Last year with the collapse of the Joint Select Committee on Deficit Reduction, a bill was approved to initiate automatic budget cuts at the end of this year if a budget agreement is not reached. That automatic processing, cutting both domestic and military budgets, is called sequestration. Both the House and the Senate passed separate sequestration bills outlining how the automatic cuts would be distributed on July 18 and 25, respectively. These bills require the Obama Administration to outline where spending cuts will occur if sequestration is invoked. Sequestration, if implemented without a corresponding farm bill, will lead to $15 to $16 billion in farm bill cuts over the next ten years.
More time goes by, and are we any closer to a farm bill? Not quite. On July 27, in a surprise move by House Republicans, rather than push forward with the original bill that was designed by the House Ag Committee, they released a one-year extension to the current farm bill. Contrary to what might make sense in a time of drought, this extension bill significantly cut conservation efforts, and other programs that support farmers and rural communities, the very programs that could help farmers combat a drought. The extension bill also continued the costly and controversial “direct payment” program, which both the House and Congress had opted to eliminate in their separate versions of the farm bill.
The situation is not looking good for anyone who was hoping for a legitimate five-year farm bill.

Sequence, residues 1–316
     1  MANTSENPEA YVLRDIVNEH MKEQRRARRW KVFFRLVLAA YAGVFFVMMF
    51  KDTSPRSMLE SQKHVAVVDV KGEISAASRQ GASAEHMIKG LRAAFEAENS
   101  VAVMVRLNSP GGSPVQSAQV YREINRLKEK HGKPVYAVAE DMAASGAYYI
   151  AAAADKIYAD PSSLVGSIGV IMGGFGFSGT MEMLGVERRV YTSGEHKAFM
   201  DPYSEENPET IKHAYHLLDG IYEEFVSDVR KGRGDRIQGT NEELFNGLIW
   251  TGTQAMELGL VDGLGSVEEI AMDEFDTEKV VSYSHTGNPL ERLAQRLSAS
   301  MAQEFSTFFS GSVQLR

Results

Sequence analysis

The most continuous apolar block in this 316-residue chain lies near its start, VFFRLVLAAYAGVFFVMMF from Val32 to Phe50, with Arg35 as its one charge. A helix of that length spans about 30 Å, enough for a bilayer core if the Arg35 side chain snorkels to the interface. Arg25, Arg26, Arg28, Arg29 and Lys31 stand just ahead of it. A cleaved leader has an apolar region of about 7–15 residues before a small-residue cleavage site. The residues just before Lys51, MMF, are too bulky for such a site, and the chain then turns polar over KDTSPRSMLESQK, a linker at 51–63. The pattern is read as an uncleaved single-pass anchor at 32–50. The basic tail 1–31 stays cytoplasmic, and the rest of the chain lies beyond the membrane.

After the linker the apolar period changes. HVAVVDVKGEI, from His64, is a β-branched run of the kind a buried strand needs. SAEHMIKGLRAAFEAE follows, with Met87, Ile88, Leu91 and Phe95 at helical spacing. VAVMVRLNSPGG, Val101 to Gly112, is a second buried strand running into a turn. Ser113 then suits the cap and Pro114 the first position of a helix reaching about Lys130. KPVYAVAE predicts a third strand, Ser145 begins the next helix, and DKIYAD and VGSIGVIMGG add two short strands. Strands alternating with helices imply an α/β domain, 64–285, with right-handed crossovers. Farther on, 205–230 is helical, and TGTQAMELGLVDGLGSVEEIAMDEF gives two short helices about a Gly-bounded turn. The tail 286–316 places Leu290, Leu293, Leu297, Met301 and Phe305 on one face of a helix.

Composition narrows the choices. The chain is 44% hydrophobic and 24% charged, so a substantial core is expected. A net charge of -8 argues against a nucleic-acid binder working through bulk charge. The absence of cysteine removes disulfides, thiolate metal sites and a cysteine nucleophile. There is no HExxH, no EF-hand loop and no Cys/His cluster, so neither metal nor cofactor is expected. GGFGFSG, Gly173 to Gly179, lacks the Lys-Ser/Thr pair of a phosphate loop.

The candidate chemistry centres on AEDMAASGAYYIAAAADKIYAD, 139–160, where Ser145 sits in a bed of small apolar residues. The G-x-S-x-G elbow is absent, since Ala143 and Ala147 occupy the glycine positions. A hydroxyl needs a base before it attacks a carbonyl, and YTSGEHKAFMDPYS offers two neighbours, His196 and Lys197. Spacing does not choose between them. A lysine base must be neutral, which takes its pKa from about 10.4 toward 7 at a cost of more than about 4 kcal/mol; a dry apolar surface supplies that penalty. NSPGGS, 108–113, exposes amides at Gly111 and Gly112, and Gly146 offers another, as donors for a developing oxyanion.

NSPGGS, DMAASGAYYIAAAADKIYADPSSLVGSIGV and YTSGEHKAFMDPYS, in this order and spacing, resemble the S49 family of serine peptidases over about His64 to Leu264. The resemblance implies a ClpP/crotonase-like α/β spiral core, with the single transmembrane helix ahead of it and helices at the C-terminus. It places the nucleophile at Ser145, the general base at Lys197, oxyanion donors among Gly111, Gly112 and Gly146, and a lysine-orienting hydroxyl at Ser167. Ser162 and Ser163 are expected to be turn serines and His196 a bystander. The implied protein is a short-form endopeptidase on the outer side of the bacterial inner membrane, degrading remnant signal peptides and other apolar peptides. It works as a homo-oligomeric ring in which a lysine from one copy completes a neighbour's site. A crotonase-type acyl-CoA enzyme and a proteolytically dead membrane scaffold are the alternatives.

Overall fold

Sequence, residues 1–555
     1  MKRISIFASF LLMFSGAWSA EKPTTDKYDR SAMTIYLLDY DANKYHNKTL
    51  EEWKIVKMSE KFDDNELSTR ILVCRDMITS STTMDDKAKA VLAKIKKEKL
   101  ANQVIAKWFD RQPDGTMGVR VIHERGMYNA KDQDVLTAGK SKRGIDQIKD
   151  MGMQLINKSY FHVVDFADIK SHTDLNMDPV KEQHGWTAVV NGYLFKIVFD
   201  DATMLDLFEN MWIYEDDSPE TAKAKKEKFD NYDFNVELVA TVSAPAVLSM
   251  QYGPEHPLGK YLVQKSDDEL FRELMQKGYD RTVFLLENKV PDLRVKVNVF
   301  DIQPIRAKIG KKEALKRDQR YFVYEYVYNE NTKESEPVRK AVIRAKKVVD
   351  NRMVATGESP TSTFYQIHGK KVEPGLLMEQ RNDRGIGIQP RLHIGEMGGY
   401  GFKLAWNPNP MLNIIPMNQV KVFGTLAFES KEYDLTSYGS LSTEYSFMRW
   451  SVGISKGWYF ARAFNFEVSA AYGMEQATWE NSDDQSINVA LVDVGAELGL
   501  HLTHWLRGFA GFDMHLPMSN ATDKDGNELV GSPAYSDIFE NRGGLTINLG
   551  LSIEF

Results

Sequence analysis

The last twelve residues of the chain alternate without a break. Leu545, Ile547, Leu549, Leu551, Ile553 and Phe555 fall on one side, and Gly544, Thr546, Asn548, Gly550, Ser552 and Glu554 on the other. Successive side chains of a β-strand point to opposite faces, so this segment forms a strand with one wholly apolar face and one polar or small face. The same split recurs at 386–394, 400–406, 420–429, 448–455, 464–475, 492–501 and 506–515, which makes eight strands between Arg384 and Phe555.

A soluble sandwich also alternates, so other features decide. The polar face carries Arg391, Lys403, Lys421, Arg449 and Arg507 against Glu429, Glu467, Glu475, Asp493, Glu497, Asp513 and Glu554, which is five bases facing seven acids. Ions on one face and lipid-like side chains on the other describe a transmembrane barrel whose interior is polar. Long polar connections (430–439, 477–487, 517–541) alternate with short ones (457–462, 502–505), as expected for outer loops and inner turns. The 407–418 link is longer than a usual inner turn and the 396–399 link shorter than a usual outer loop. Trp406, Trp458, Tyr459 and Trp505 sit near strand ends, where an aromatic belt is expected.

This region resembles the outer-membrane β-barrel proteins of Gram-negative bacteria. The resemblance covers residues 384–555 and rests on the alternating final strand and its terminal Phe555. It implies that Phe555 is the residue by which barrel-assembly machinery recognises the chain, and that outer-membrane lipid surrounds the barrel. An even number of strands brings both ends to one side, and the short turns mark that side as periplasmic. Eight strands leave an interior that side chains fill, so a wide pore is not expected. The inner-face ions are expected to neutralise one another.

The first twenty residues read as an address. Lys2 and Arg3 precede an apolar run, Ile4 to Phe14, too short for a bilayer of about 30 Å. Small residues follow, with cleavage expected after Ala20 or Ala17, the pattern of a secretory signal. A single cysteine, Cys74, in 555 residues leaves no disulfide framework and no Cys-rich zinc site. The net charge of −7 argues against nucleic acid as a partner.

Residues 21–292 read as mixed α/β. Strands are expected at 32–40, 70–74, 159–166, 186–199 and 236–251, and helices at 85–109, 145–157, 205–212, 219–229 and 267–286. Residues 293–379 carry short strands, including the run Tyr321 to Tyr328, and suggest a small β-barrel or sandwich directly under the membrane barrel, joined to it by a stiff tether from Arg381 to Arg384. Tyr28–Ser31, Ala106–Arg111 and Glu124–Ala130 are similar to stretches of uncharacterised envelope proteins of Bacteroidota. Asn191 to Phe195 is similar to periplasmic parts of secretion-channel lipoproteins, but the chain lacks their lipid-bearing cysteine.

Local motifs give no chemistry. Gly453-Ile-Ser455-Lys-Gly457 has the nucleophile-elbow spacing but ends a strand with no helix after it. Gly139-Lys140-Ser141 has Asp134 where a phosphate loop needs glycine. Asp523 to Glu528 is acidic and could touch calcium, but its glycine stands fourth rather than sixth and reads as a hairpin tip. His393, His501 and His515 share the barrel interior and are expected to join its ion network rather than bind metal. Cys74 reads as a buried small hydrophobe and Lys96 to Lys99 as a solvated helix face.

DISASTER AID PACKAGE
Though the one-year extension might have satisfied the House leadership’s desire to block the passing of a five-year bill, it seems that they eventually came to the decision that the one-year extension is a not only a political loss for those in a favor of a five-year bill but for themselves, as well. With mounting pressure, they pull the extension plan the day before they are scheduled to vote on it, instead supporting a disaster assistance plan.
This House-drafted disaster assistance plan made appropriations to provide aid to some cattle and sheep farmers affected by the drought, but left others to fend for themselves. Farmers such as those involved in poultry, pork, dairy, and specialty crop production would receive no aid at all through this bill. Additionally troublesome was that this disaster aid would have been paid for by cuts to conservation, again the exact programs that could be effective in improving agricultural production conditions in the future.
Unfortunately, a dedicated five-year farm bill would have provided disaster aid and more, and would have pre-empted the need for a separate disaster aid package, but that broader bill seems to be perpetually on hold.
Again, here’s Collin Peterson:
“The Agriculture Committee’s farm bill not only includes the livestock provisions we’re considering today, it also strengthens the farm safety net for a wide range of commodities. A five-year farm bill will do a better job of providing certainty for American agriculture and assistance during this period of drought…. this bill is a sad substitute for what is really needed – long-term farm policy. I will continue to urge my colleagues to bring up the Agriculture Committee’s five-year farm bill to ensure that all producers will have the necessary assistance during times of disaster
TOO LITTLE, TOO LATE
Yesterday, August 2, was the last day of work for Congress before they adjourn for summer recess. In a last-ditch effort, the House managed to pass a $383 million disaster aid package for livestock farmers. This, however, turned out to be another failed attempt because the Senate decided not to consider the bill before the recess, instead supporting the bipartisan, five-year farm bill that they had passed earlier in the summer.
Thus, with no agreement between the two branches of Congress, farmers suffering from the severe drought will not receive the aid they desperately need any time soon. And, with Congress officially away on summer recess, no further forward momentum will occur until they return in September.
And so, we continue to wait.